Tim O Brien's The Things They Carried

748 Words3 Pages
When writing a novel, it is the author’s decision to honestly reveal facts to the audience or subtly twist the truth. A truthful novel guarantees genuine information about events mentioned in the book; the latter concept (although morally unacceptable) entertains and impacts the audience. The “happening truth” in stories merely states facts and honestly informs the reader about the author’s experiences. A war veteran, for example, may describe his time serving in a foreign country. A man who has suffered through poverty for the majority of his life may write about the obvious hardships he had to face. Despite its honest depiction, “happening truth” is mainly limited to informing the reader. On the contrary, “story truths” allow authors to emotionally connect with their audience. A war veteran might fabricate a short tale about a brutal kill he endured. A poor man might exaggerate the…show more content…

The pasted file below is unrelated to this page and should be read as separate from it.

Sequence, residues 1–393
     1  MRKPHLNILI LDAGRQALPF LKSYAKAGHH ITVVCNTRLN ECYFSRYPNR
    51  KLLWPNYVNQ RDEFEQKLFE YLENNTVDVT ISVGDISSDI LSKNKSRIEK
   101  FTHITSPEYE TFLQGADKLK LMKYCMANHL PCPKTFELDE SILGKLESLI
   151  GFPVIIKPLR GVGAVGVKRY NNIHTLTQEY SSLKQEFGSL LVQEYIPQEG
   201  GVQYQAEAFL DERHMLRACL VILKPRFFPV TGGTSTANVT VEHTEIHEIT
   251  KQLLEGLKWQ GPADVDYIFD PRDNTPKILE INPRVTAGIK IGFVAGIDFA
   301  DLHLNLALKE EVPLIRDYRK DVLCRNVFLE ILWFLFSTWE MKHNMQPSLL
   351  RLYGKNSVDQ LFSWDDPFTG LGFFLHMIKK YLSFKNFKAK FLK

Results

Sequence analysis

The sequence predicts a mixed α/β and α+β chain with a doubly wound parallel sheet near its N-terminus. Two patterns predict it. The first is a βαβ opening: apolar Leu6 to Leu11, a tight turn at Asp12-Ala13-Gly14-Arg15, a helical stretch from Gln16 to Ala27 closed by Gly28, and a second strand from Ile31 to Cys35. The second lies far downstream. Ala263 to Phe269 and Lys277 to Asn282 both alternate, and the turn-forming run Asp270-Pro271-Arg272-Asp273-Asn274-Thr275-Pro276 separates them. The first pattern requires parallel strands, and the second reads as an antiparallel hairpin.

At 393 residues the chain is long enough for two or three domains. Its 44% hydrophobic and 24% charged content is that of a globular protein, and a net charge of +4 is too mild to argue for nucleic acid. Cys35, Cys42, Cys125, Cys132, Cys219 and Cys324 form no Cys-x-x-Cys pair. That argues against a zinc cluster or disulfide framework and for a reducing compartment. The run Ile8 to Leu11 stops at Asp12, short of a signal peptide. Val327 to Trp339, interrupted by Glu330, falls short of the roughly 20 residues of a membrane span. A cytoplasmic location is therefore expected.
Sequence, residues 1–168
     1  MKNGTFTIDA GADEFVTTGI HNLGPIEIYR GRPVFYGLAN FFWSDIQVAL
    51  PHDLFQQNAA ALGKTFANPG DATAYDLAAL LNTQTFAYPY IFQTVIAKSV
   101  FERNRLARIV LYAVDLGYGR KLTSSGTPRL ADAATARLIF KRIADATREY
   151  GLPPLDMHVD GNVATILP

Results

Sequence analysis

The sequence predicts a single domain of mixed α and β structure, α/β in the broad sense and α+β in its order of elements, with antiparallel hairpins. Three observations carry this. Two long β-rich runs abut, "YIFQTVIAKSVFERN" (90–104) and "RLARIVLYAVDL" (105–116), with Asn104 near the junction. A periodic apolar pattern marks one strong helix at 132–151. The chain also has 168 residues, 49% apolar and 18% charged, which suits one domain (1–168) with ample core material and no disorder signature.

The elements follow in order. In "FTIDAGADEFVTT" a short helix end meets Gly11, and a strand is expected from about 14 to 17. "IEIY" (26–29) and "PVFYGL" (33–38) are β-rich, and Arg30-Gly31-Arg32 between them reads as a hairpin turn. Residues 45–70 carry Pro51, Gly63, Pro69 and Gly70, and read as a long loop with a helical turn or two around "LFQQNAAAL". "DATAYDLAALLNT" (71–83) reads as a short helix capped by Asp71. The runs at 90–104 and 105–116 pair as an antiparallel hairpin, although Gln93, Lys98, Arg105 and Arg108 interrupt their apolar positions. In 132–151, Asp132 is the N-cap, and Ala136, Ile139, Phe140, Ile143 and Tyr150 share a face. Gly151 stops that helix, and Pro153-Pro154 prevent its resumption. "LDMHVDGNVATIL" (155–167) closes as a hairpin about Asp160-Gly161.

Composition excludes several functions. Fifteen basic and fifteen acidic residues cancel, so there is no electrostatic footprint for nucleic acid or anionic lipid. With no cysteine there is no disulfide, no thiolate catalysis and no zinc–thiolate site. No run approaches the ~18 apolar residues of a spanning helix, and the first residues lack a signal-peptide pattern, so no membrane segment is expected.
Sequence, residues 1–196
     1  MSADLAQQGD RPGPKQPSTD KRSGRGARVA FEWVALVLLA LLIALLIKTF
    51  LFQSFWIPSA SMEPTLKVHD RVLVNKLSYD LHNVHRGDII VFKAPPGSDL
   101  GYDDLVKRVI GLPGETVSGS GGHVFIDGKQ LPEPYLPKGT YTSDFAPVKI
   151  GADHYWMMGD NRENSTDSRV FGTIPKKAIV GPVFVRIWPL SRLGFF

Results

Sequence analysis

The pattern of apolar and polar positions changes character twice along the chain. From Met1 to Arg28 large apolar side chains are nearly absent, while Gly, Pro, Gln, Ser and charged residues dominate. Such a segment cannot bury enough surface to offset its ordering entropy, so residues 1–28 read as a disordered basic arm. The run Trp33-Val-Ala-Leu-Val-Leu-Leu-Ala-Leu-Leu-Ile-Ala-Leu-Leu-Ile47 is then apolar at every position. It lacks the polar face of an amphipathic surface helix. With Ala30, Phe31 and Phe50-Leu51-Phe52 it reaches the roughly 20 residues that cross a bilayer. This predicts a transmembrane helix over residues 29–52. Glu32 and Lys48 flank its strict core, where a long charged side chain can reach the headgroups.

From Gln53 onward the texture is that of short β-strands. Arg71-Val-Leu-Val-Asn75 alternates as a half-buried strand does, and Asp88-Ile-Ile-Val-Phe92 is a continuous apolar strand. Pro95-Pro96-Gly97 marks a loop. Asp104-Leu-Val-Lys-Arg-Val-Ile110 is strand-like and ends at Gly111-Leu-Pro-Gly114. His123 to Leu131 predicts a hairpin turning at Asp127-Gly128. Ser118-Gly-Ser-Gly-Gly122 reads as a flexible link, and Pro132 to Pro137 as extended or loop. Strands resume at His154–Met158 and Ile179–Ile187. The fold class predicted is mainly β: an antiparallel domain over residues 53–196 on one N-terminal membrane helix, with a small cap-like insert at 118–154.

In his classic novel, The Things They Carried, Tim O’Brien clearly states that he was “once a soldier” (O’Brien 171) forced to watch innocent men perish on the battlefield. Although several of his experiences are greatly exaggerated, O’Brien forces his reader to see that war still exists today; it is a crude topic that must be recognized. The “happening truth”, if used correctly, can have the same effect as the “story truth”. Frank McCourt’s memoir, Angela’s Ashes, painfully reencounters the agonizing severity of living in a poverty struck Ireland. McCourt’s interpretation of Ireland partially holds true today; currently, over thirty percent of Irish citizens are financially unstable. McCourt and O’Brien use truthful evidence to bring awareness to their experiences. In their entirety, both novels relay the hardships of living in an unknown area where constant reminders of the culture threaten the adaptation of its newer residents. The “happening truth” accurately displays the constant struggle of both war and
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